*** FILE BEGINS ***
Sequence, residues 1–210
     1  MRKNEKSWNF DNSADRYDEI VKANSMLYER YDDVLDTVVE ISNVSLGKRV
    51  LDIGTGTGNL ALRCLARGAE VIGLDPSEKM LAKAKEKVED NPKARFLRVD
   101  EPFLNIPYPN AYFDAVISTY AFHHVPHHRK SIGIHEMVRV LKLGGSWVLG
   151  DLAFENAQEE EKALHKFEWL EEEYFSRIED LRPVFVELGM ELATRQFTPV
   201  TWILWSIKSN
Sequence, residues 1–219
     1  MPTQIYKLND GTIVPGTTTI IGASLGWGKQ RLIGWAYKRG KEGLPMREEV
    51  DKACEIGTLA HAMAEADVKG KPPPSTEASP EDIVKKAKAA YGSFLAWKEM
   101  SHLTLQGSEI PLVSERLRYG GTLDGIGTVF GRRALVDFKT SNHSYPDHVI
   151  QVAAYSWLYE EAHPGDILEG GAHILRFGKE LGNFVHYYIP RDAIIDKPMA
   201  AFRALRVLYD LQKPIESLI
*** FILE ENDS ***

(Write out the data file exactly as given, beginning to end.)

Sequence, residues 1–210
     1  MRKNEKSWNF DNSADRYDEI VKANSMLYER YDDVLDTVVE ISNVSLGKRV
    51  LDIGTGTGNL ALRCLARGAE VIGLDPSEKM LAKAKEKVED NPKARFLRVD
   101  EPFLNIPYPN AYFDAVISTY AFHHVPHHRK SIGIHEMVRV LKLGGSWVLG
   151  DLAFENAQEE EKALHKFEWL EEEYFSRIED LRPVFVELGM ELATRQFTPV
   201  TWILWSIKSN
Sequence, residues 1–219
     1  MPTQIYKLND GTIVPGTTTI IGASLGWGKQ RLIGWAYKRG KEGLPMREEV
    51  DKACEIGTLA HAMAEADVKG KPPPSTEASP EDIVKKAKAA YGSFLAWKEM
   101  SHLTLQGSEI PLVSERLRYG GTLDGIGTVF GRRALVDFKT SNHSYPDHVI
   151  QVAAYSWLYE EAHPGDILEG GAHILRFGKE LGNFVHYYIP RDAIIDKPMA
   201  AFRALRVLYD LQKPIESLI